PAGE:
panicatthedisco: Last post for tonight. Thank you to everyone who came out and made tonight an amazing first show. And a huge thank you to all the Russian fans for the banner. You earned a place in my #houseofmemories
taemin can jump out of a plane, or smile calmly when being jump-scared…..but he’s deathly afraid of….insects…….like thats the thing He Cant Do….he cant touch slimy crawly thingies but he wont hesitate about…..bungee jumping…….
So, I decided to read some comments on different articles for Moonlight, which I instantly regretted because people are shitty.
But there were comments that caught my attention. There were lot of people (who identified as gay, or black or POC, or whatever) who simply couldn’t understand, or relate to the story at all, and believed that it detracted from the overall film.
But, that’s kind of the point of Moonlight.
One of the things I loved about Moonlight was how it handled race as well as sexuality. If you’ve seen it, you know it has an all black cast. So, there isn’t a white (or nonblack) character around for audiences to project onto. And because all of these people are of the same race and live in the same conditions, they don’t need to translate any part of their experience for one another. The characters are black people living in an impoverished neighborhood in the American south (Miami Florida). Drugs are a natural part of the environment, and for many people it’s the only way they can make a living, because business in America don’t want to invest or place high end jobs in black neighborhoods. The people use AAVE without stopping to translate it for anyone. There are after school activities for kids to go to so they don’t get into trouble. Many kids spend time at home while their parents are away working. Hell, I remember taking a bubble bath with dish detergent. There is the rough language that black boys constantly use (even when they’re with their friends) to make themselves to seem bigger, tougher and stronger. There is a run down feel to everyone in this movie (from Juan to Chiron to Teresa) and this comes from over work, constantly worrying about dangers in your neighborhood, and looking over your shoulder for cops or gangsters. The same run down feeling is shown in the setting as well. It’s obvious this town is in a constant state of construction (take the old house Lil’ hid in at the beginning of the film).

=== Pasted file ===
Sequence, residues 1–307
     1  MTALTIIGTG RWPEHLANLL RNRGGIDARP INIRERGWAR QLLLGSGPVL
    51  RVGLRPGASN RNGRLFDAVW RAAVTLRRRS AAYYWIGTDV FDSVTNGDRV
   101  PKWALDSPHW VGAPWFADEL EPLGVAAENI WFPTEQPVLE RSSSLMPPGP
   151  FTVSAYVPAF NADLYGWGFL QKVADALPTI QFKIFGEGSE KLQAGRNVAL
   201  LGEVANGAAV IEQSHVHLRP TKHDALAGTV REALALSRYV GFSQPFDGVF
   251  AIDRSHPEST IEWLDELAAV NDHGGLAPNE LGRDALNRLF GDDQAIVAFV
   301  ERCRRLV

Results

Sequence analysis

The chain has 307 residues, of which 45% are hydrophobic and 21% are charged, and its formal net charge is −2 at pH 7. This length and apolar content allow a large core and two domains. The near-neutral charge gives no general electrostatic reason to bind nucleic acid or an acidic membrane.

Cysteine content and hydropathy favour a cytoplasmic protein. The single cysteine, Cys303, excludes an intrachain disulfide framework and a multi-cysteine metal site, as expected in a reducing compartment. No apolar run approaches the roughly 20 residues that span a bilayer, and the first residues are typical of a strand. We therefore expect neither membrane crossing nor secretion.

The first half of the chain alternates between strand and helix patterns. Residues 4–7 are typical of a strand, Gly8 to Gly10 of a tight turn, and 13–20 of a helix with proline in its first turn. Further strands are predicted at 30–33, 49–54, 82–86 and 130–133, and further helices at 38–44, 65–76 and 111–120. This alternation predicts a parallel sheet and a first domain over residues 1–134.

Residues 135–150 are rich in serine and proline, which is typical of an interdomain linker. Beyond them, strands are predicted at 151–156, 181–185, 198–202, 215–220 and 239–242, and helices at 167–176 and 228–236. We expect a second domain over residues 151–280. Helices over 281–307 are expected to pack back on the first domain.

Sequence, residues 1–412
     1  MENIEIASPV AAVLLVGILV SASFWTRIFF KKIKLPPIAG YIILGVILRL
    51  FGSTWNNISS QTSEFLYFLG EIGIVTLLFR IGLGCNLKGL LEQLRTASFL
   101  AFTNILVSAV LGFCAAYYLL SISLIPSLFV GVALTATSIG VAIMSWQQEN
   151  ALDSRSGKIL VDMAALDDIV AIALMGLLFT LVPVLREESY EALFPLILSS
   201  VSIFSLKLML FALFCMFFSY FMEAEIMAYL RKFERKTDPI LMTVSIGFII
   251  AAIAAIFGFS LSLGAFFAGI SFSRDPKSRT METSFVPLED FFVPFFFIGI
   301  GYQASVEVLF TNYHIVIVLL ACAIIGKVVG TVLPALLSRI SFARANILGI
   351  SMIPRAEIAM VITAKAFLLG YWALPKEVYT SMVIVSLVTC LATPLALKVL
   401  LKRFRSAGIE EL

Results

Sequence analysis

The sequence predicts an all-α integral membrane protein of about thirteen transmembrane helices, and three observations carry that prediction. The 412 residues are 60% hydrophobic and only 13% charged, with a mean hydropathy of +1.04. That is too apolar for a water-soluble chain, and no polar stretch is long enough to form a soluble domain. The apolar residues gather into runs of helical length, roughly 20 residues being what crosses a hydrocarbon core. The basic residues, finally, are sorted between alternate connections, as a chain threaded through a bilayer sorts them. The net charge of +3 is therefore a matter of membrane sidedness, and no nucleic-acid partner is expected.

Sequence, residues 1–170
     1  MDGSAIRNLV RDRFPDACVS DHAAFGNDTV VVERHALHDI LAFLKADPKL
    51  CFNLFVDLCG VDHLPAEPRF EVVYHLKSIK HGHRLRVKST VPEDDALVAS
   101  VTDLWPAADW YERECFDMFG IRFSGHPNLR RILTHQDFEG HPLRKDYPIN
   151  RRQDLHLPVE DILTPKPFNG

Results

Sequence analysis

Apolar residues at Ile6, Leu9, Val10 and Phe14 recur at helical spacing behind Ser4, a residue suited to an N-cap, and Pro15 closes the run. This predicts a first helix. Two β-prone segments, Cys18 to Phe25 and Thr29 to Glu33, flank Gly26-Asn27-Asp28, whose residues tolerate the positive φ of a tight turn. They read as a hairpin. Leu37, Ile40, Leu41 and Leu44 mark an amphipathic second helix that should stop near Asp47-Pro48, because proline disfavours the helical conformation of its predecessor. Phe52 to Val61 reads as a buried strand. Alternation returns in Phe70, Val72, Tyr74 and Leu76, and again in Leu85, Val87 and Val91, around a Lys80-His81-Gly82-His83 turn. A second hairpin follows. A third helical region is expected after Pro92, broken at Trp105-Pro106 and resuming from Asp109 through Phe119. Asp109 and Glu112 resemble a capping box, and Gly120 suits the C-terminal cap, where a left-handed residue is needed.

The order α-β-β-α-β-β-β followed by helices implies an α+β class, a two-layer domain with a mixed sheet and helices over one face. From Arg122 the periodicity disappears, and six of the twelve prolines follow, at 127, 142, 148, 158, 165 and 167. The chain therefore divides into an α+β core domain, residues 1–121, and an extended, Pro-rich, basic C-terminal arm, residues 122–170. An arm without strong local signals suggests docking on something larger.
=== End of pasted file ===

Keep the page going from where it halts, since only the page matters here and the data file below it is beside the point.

And then add this with the main character’s sexuality, and how he (and the movie) navigate that. Despite Chiron’s sexuality, his experiences are strictly structured through an African-American lens. He doesn’t stop being black just because he’s learning about his sexuality. He doesn’t stop using AAVE just because he’s attracted to a man. He doesn’t stop going through the world as a black man, conditioned to be hyper masculine in a poor town just because he falls in love with Kevin. This film makes no apologies for its blackness. And the racism it deals with? It’s subtle and systematic..
When people think of racism in the movie, they think of something that’s easily recognizable (think slave movies, white people with whips, or segregation signs). But what’s interesting about Moonlight is that the racism these people deal with (the town that’s in constant construction, the drugs on the streets,) are all real aspects of systematic racism that black people have to live under. It’s not an easily identifiable constant that can be punched out, or reasoned with. It’s in the fabric of Black American life, and most people miss it unless you’ve lived under it. And let’s be real, many white people (white gays included) wouldn’t pick up on it.
And it’s so funny that people in the black community believe that once you come out as gay, suddenly you’re no longer black. It’s like…no. Our skin color’s still the same. We still lived under the same racial conditions that ya’ll lived under. We still dealt with the same white washed history, and have the same distrust of the American legal system. And with white gays, a lot of them expect us to stop being Black when we come out. We’re supposed to somehow shun our Black heritage (or at least downplay it) when we enter LGBT spaces. We’re not supposed to talk about race in the LGBT community because “We’re all gay!!!! Race doesn’t matter!!!!!!” Or we’re not supposed to question why so many white gays have no problem saying “I’m not into black guys.” And when we do interrogate them further on it, all they can say is “It’s just a preference” and expect that to be the end of it.
So yeah. This movie is beautifully authentic, and I love it for that reason.